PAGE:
Huh, it’s almost like the conversation should’ve been focused elsewhere.
Sign up for our Email Newsletters here. Utopia is the title of both the series, which comes to Prime on Sept. 25, and the comic book at its center. Amateur conspiracy theorists have plenty to chew on (arguably too much by Episode 7), and the unsettling trail of breadcrumbs is dispersed well enough to keep hardened viewers engaged. Really, for fresh viewers this could be a brilliant slice of dark sci-fi that’s nothing like they’ve seen before. The vast majority of viewers will probably have never watched the UK original, have no clue as to the fates of its characters, or how the whole thing fits in to Deel’s syndrome.
Commentators who use “timely” to describe narratives about police misconduct or racial injustice simply haven’t been paying attention long enough.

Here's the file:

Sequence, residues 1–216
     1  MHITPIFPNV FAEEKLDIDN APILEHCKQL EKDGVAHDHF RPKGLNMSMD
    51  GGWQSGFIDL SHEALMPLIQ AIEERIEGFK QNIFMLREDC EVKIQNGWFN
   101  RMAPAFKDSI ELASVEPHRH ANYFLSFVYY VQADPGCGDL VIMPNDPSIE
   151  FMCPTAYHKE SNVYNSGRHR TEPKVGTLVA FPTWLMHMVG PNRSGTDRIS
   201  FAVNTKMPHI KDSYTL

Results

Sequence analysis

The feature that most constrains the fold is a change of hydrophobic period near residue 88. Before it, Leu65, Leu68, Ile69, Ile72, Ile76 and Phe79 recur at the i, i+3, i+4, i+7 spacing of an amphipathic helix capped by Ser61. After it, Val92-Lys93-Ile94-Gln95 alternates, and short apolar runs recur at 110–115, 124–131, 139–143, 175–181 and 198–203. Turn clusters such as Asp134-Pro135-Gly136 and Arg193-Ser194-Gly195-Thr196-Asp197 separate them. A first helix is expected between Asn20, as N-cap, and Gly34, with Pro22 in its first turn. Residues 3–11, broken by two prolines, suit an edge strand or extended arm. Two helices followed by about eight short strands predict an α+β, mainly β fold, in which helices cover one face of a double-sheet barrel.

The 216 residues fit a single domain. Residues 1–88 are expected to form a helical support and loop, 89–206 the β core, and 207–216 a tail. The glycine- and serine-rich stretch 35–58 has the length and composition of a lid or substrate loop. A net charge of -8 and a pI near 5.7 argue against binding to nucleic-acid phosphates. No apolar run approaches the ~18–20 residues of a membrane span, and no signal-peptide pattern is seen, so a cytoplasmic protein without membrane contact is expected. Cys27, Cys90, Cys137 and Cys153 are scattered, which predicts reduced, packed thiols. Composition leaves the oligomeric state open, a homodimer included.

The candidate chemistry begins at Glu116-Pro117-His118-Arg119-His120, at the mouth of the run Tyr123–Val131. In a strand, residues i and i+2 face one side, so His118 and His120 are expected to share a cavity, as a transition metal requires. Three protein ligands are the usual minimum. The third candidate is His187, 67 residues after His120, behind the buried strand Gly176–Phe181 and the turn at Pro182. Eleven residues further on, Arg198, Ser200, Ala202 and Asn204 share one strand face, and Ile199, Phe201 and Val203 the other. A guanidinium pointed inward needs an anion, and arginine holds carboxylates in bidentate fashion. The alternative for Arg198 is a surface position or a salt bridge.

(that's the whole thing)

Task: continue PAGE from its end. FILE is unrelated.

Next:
When is the Utopia remake on Amazon Prime Video ? News, photos, videos and full episode guide, Utopia review: Amazon’s remake of the UK series is not a patch on the original. Use of this site constitutes acceptance of our. Utopia just isn’t worth the pain. Still timely! Set in modern day Chicago, the eight-episode first season follows a group of comic book geeks who are fighting a mysterious organization for control of a graphic novel — and here’s where the relevance comes in — that may hold the key to ending a national pandemic. What is it supposed to mean, though? In the past, Flynn has justified her dark, violent thrillers by filling them with unique characters whose voices and storylines reveal profound social truths.